Motivation and Transcendent Purpose
What Motivates Us?
In the video above, Daniel Pink talks about the science of what motivates us. According to Pink when people are given monetary rewards for complex cognitive tasks requiring conceptual thinking and creativity, the rewards result in poorer performance. He says the best thing is to pay people enough so that monetary issues are taken off the table. In EduCitizenship 2020's proposal, we have argued previously that teachers should be trained well and given good salaries. Along with those decent salaries, teachers need to be given the respect that their training and experience deserves. Pink argues in the video that to get engagement, people should be given autonomy and challenge. The educational environment certainly offers challenge, but when teachers are given monetary incentives (Merit Pay) for obtaining high grades in their students standardized tests, from Pink's research we could extrapolate that this would be demotivating. In this situation, teachers are focusing on details and content on the tests. There is little autonomy in that.
Pink also uses the example of the open source movement where people are willing to work together and sometimes alone to create and improve open source resources. He believes that when there is a transcendent purpose the best thing is to get out of the way and allow those who have an interest to create and collaborate. For a productive and sustainable education, administrators and overseers of education need to foster the creativity of those in the community. Just as teachers must move to allow constructive principles to live in their classrooms so that students can be the producers and creators they want to be, administrators too must learn to get out of the way to allow teachers to produce and create the learning environments of the future.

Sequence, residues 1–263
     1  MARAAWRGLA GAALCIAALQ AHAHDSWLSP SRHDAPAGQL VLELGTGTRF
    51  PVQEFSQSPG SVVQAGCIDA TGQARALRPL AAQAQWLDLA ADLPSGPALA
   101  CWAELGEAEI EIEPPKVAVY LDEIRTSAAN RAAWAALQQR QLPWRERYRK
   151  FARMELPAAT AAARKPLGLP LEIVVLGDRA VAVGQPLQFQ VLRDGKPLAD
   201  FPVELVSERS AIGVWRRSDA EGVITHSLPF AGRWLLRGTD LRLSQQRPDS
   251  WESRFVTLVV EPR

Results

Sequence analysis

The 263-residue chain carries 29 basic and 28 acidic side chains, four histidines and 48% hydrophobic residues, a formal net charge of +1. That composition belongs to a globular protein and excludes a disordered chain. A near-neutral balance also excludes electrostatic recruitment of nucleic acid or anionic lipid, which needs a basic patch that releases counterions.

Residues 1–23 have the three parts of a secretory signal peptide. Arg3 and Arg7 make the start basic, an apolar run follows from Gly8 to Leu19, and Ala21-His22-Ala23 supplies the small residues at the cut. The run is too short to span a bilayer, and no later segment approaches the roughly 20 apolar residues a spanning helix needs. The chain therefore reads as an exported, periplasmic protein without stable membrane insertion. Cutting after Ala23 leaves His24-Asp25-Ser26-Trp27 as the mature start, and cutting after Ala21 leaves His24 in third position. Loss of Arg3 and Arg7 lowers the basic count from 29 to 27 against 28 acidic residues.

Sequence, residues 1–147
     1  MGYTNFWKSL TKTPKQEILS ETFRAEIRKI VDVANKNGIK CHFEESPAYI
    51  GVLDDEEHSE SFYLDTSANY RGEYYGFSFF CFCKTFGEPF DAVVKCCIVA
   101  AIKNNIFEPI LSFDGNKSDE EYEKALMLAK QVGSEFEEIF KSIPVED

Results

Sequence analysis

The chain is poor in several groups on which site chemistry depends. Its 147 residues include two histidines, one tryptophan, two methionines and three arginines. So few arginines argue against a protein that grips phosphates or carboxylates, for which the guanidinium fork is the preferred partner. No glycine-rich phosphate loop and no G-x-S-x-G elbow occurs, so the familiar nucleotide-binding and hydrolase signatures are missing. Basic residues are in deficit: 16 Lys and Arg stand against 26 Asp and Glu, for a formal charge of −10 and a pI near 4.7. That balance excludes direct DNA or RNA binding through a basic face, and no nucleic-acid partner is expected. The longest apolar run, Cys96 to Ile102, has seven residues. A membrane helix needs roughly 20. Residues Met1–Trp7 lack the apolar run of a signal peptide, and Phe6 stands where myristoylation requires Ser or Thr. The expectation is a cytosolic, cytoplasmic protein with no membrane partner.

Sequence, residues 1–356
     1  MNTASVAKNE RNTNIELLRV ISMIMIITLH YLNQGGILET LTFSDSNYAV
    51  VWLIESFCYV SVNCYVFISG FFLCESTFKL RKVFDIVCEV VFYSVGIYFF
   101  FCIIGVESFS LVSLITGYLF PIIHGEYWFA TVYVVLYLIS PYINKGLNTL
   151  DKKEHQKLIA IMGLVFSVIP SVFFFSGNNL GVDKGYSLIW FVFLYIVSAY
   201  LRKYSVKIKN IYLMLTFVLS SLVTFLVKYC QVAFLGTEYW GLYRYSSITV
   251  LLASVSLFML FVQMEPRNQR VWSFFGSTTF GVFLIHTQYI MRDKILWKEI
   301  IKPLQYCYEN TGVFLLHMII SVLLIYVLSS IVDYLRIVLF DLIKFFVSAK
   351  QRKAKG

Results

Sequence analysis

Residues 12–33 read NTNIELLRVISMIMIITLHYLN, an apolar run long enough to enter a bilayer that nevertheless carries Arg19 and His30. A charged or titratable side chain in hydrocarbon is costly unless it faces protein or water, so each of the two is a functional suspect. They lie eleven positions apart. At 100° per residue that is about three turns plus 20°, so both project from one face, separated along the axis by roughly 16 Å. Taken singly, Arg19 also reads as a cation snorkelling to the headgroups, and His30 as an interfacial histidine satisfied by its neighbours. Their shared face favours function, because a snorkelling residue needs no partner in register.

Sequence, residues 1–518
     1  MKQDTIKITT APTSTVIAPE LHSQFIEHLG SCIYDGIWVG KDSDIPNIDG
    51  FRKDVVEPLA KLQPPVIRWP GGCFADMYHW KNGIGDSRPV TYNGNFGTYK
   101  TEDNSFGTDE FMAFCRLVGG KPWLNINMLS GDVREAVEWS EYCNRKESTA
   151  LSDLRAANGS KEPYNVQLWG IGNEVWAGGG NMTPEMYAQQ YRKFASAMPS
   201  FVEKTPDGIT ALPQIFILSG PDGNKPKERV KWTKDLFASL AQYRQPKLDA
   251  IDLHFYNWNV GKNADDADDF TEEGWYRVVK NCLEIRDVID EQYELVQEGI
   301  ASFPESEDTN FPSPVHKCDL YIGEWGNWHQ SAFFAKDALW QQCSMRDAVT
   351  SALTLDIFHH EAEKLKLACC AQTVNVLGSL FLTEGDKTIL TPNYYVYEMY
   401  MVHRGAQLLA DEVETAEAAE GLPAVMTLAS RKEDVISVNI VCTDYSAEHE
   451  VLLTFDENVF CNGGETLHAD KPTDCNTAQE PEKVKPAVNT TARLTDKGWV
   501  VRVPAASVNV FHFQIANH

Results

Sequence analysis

Jane Hart in a November 2010 article //The New Era of Workplace Learning// discusses the increasing importance of social learning. She equates social learning to working smarter and sees it as a key to sustainability and innovation. But social learning isn't necessarily controlled by organizations; it's owned by the individuals who learn every day from those they work with and from the work they do. Hart suggests 5 ways to foster innovative employees and learners:
- Encourage and support individuals' and teams self-sufficiency to address their own learning and performance problems (relinquish control and trust people to learn and do their jobs)
- Help develop autonomous workers ( some will be self directed but others will need to learn new literacies to effectively use social tools)
- Provide performance consulting services, where individuals and teams need help in addressing their own learning and performance problems
- Rethink the use of learning tools and systems (learning needs to be integrated into work. Organizations may provide secure social networks but they shouldn't ignore social networks on the open internet)
- Help to develop an open, enabling culture for working and learning (Michael Lauscette in The Social Employee Manifesto says, "“Old approaches to managing employees, with their roots in the industrial society are not adequate for hyper-connected, socially aware employees. We need a new paradigm for getting things done and for empowering a new breed of employee that does not function well in a hierarchical, top down, highly controlled environment."
According to Lauscette, social employees of the future need coaches and mentors not bosses; they need freedom and autonomy; an inclusive decision making culture, flexibility in work; management to successful outcomes, not fixed methods. They need openness transparency and community.
When all those who work in education accept and respect each others' valuable input as equal partners, then it will be easier for the community, government bodies and businesses to join together with educators in a singular purpose and learning partnership.
Next up, Data Driven Decision Making